It is obviously very early into the 2016 presidential campaign season and so many things are simply areas of speculation and wishful thinking for both the candidates and their supporters. For instance, while it is beyond speculation that Hillary Clinton is the favorite to win the Democratic Party nomination and then the White House, it is just as much wishful thinking on her supporters’ part that she will simply be awarded the prize simply because she is Hillary Clinton. I think that an area of wishful thinking for Bernie Sanders supporters is that his message of economic populism and fairness will resonate with all who hear it and he will easily win the support of Progressives of every stripe and march off to the Democratic nomination. The great thing about it being so early into the process is that there is much to learn and time to adjust to potential deficits. This brings me to something I see as a serious challenge for Bernie; how can a man from a small state which is between 94% and 96% white, appeal to communities of color in a way that won’t be seen as simply pandering for votes?

I read a Vox piece last week that, I believe, provided a pretty good analysis of Bernie’s challenge in this area. Written by Dara Lind and entitled, Why Bernie Sanders doesn't talk about race,” the piece describes the issue and talks about Sanders’ background and how it has, perhaps, created a sort of tunnel vision around the greater concerns of the communities of color in this country. Lind writes:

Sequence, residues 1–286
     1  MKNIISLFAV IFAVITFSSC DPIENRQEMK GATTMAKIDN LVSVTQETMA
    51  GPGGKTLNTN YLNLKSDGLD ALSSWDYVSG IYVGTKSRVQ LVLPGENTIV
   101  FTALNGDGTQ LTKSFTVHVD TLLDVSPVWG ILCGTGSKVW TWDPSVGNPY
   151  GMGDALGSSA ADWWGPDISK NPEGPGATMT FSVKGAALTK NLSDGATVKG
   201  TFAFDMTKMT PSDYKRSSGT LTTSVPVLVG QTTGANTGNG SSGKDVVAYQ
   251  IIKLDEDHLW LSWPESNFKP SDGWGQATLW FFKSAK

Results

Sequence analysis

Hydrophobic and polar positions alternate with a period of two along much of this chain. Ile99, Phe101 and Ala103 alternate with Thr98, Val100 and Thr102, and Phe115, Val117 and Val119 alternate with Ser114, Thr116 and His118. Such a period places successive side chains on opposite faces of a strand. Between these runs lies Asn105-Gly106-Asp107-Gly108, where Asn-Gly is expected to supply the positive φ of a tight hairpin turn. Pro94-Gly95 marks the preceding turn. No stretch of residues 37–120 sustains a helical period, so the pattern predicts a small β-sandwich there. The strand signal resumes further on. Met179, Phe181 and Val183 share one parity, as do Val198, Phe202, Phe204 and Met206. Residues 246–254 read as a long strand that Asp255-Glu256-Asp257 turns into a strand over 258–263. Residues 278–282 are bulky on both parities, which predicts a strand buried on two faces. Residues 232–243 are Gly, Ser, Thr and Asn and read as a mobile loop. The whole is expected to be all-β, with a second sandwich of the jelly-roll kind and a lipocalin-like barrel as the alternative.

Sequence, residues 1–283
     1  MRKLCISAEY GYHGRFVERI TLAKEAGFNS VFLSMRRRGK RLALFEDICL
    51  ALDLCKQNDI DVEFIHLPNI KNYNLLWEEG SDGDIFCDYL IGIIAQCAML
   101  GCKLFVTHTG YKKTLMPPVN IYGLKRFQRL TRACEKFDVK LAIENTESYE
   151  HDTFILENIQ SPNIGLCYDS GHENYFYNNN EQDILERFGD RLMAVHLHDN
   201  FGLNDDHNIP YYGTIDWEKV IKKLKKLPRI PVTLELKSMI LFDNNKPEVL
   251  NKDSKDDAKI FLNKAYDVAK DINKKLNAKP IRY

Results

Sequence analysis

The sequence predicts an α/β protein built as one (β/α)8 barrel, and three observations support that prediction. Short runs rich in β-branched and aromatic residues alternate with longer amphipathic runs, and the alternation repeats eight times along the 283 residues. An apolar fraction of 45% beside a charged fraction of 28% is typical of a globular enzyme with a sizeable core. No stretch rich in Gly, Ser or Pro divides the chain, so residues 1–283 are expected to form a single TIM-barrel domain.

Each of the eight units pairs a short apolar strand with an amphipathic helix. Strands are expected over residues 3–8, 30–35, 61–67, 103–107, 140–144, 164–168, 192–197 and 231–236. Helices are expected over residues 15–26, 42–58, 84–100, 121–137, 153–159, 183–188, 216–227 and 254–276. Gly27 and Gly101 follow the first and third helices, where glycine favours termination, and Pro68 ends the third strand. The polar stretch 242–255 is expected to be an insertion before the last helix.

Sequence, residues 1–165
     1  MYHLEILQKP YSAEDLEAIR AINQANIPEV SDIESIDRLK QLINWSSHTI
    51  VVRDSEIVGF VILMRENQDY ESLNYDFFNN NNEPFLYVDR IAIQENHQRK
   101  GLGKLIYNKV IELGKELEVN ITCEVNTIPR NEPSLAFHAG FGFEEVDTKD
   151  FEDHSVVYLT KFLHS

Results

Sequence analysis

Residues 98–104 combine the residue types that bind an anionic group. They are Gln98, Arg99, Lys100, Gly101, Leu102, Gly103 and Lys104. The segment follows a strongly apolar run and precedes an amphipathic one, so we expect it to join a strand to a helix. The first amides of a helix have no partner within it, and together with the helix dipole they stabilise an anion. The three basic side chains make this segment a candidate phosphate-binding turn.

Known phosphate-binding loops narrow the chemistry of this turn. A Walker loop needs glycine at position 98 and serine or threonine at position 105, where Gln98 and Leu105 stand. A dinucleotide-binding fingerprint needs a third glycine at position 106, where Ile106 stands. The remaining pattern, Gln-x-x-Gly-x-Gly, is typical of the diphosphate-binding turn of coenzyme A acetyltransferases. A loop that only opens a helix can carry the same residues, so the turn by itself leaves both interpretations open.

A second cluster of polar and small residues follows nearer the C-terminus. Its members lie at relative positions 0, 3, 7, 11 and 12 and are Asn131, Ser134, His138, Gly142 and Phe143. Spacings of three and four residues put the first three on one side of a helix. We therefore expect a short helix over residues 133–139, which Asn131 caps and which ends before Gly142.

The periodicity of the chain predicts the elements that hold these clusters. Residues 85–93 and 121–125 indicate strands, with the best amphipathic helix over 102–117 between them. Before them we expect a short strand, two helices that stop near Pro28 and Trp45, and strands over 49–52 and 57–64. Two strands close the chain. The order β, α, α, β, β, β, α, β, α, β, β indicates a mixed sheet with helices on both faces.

A lot of people are very excited about Bernie Sanders's presidential campaign. It's not hard to figure out why: there are a lot of those progressives out there who are very concerned about economic inequality, the rise of the super-rich, the financial industry, and the role of money in American politics.

But there's a reason I say "those progressives" instead of just "progressives": because not everyone in the Democratic base shares those particular passions, or those passions alone. For other progressives — many of them black or Latino — economic inequality is important, but so is racial inequality. They're extremely concerned about racial bias in policing, and about ending mass incarceration. They're concerned about the treatment of unauthorized immigrants, and about protecting voting rights (an issue like campaign finance where progressives are worried the integrity of the political system is at stake — and where the outcome doesn't look good for them).